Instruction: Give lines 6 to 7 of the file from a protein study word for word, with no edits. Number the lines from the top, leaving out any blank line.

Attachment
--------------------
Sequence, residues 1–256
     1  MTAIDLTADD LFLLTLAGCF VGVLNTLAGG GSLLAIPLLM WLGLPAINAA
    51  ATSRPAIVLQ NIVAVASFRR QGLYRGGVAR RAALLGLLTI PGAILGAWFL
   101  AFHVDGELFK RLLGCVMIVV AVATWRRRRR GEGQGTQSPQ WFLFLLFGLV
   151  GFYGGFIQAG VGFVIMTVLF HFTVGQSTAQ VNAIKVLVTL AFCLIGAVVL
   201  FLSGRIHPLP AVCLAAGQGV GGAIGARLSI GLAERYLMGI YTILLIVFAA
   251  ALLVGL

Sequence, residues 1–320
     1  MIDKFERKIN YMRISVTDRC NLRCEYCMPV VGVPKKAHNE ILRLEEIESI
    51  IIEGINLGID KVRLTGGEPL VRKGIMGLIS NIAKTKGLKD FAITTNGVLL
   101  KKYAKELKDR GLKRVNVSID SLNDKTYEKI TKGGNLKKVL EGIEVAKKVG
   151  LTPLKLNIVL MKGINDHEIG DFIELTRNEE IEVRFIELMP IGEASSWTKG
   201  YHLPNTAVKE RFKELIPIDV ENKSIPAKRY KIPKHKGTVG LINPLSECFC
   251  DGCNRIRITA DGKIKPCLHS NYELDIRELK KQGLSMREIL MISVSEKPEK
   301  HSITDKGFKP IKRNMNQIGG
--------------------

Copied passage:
   201  FLSGRIHPLP AVCLAAGQGV GGAIGARLSI GLAERYLMGI YTILLIVFAA
   251  ALLVGL